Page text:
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Welney Wildfowl and Wetlands Trust is holding a series of fascinating wildlife and rural crafts events and workshops – wildlife photography, garden and willow structures and Christmas decorations, and watching, feeding and learning about swans from October to April. All of this is happening at the Welney Wetland Centre, Welney, Hundred Foot Bank, Norfolk, PE14 9TN. Take a look at these posters, take your picks and enjoy!

WWT Welney wildlife photography workshops 2014:

Welney WWT wildlife photography

Welney WWT wildlife photography

Willow workshops at WWT Welney poster:

Welney WWT willow and garden and decoration workshops

Welney WWT willow and garden and decoration workshops

WWT Welney Swans awake events 2014-15:

Welney WWT swan watching at dawn

Welney WWT swan watching at dawn

WWT Welney Swan feeds 2014-15:

Welney WWT opportunities to feed and learn about swans

Welney WWT opportunities to feed and learn about swans

 

Ouse Washes Experience – What a great event it was

logosThis Sunday the long-awaited Ouse Washes Experience was held, a cycle, walk or run from WWT Welney reserve to RSPB Welches Dam.

What a great day it was! My colleague Abby was there all day with display and leaflets at WWT Welney, and then helping the main organisers, the Ely Hereward Rotary Club, with serving participants some well-deserved teas and biscuits at the end of the journey.

A total of c. 60 people participated, mainly on bicycle, some groups walking and a few runners. Not bad at all for an entirely new event and for an area where similar events have simply never been organised before. All in all, a great day out in the countryside, getting people to see a part of their world most participants had not seen yet (but, according to the people I spoke to, they certainly enjoyed!).

I also joined an interesting discussion with MP Steve Barclay who showed up in the morning at WWT Welney; he commented on how great such initiatives are for getting people to use the countryside and explore the wonderful landscape in this area.

I did the c. 6 mile run myself as well, on the Environment Agency maintenance track (specifically opened up for cyclists and walkers for this event) and partly on top of the bank along the Ouse Washes itself  – great views over the landscape and a wonderful tranquil experience.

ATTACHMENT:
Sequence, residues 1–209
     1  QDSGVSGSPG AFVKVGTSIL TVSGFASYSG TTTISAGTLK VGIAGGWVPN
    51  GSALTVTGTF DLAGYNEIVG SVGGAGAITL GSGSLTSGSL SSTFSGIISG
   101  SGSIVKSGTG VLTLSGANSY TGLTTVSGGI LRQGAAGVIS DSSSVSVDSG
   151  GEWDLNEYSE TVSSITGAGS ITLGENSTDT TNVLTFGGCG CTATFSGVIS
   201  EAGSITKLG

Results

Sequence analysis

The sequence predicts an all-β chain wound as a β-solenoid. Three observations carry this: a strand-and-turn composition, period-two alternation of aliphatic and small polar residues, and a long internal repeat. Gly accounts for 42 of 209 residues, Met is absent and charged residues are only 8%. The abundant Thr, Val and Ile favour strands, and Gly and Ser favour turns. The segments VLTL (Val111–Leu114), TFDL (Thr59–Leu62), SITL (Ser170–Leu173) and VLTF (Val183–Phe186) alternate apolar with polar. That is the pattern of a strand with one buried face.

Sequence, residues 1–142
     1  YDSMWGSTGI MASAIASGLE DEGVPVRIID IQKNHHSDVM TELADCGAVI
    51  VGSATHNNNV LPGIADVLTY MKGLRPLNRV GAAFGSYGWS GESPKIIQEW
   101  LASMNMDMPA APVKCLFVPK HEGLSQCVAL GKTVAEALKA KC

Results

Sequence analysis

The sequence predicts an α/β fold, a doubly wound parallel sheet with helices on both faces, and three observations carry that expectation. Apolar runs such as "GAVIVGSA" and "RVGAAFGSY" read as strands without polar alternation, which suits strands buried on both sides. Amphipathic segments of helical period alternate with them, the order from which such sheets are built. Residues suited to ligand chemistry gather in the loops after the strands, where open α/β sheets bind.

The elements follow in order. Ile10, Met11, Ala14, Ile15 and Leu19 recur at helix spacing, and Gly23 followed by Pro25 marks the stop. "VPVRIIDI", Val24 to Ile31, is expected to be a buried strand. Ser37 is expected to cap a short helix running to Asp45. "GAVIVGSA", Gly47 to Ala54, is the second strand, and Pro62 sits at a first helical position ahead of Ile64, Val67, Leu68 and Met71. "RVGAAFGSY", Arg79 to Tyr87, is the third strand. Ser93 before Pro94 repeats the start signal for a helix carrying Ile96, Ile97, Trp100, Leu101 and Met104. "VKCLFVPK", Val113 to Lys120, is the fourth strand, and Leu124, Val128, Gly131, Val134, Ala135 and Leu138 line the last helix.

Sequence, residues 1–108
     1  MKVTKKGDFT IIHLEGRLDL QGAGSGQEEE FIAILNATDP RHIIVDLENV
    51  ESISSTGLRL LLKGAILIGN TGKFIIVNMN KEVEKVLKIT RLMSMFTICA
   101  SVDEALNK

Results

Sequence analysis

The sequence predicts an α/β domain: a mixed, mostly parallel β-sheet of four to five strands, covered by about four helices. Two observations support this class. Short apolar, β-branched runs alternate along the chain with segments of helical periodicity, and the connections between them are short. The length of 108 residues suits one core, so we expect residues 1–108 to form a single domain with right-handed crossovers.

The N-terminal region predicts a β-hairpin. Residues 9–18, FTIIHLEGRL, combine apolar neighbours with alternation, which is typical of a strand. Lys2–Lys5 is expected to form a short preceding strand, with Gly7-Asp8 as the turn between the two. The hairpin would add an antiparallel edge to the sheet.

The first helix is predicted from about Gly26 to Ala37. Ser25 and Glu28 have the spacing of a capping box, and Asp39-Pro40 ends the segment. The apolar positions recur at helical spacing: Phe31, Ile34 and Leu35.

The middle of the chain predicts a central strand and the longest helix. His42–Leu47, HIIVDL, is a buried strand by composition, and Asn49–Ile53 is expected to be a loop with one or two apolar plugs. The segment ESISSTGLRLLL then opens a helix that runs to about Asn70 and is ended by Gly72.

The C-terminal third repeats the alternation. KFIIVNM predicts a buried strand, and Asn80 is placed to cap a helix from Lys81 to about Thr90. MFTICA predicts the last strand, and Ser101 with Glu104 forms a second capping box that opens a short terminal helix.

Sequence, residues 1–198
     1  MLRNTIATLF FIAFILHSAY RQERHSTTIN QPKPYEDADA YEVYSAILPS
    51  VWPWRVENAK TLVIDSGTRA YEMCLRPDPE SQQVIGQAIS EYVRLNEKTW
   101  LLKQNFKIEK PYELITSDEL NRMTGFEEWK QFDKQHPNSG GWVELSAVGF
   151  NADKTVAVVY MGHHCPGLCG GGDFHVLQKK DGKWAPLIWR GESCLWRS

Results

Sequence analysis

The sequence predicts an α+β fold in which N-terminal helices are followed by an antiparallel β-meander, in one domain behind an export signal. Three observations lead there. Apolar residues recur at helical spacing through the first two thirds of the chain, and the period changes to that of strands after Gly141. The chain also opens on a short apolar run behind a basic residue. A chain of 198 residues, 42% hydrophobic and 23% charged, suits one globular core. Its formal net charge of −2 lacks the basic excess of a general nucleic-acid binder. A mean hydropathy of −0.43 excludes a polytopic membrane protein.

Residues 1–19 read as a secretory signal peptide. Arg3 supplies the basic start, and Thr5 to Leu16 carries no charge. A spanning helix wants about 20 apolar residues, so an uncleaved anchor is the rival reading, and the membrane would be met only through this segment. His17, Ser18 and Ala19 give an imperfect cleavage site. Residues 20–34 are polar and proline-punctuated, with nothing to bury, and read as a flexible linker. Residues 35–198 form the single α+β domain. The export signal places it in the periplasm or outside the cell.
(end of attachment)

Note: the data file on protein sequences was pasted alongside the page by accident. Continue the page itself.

Well done everyone and all organisations who have made this event possible – see you again next year!

Registration point (2)

Registration at WWT Welney Centre. Image: Emma Brand, WWT

Steve Barclay, Mark Nokkert and John Yates (8)

MP Steve Barclay, John Yates (Ely Hereward Rotary Club), and myself, ready to run. Image: Emma Brand, WWT.

Sharing some images of this great day with you here:

Cycle participants starting (9)

Participants starting their cycle ride or walk from WWT Welney. Image: Emma Brand, WWT

 

 

 

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Arrival at Welches Dam, the RSPB Ouse Washes reserve.

 

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Ted Coney, our oldest participant, just arrived at Welches Dam.

 

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Group of walkers from Specsavers in March, walking for the Each Anglia charity just arriving after a long walk.

 

Heritage Open Days of 2014 this Weekend!

Like last year, many heritage attractions are free to explore, usually for longer opening times with possible special exhibitions and access to places usually closed to the public all weekend for the Heritage Open Days! It is a special annual weekend supported by English Heritage since 1994 and you can visit the Heritage Open Days official website. This year it runs from Thursday 11th – Sunday 14th September. logos

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Ely Cathedral above the market. Source: Pete Johnstone

With open nights on Friday evening, open tours on Saturday and open houses on the Sunday, an interesting Ely Heritage Weekend is coming up! On Friday evening, you can experience Oliver Cromwell’s House, Ely Cathedral, The Stained Glass Museum and Ely Museum at the unusual hours of after closing time. The Saturday has lots more things going on! Bookings for places are advisable as they are different and enjoyable guided tours around Ely, in the Courthouse, the 15th century Old Palace and the West Tower in Ely Cathedral. The Ely Museum also has a guided tour alongside many activities. On the Sunday, Ely opens its 14th and 16th century houses at 7 & 9 Silver Street, Ely’s Old Porta entrance and the 14th century chapel that are rarely opened to the public. Additionally, a tour around St Peter’s Church and riverside walk with the Environment Agency and Cambridgeshire ACRE is on. Pre-booking is essential with all of Sunday activities.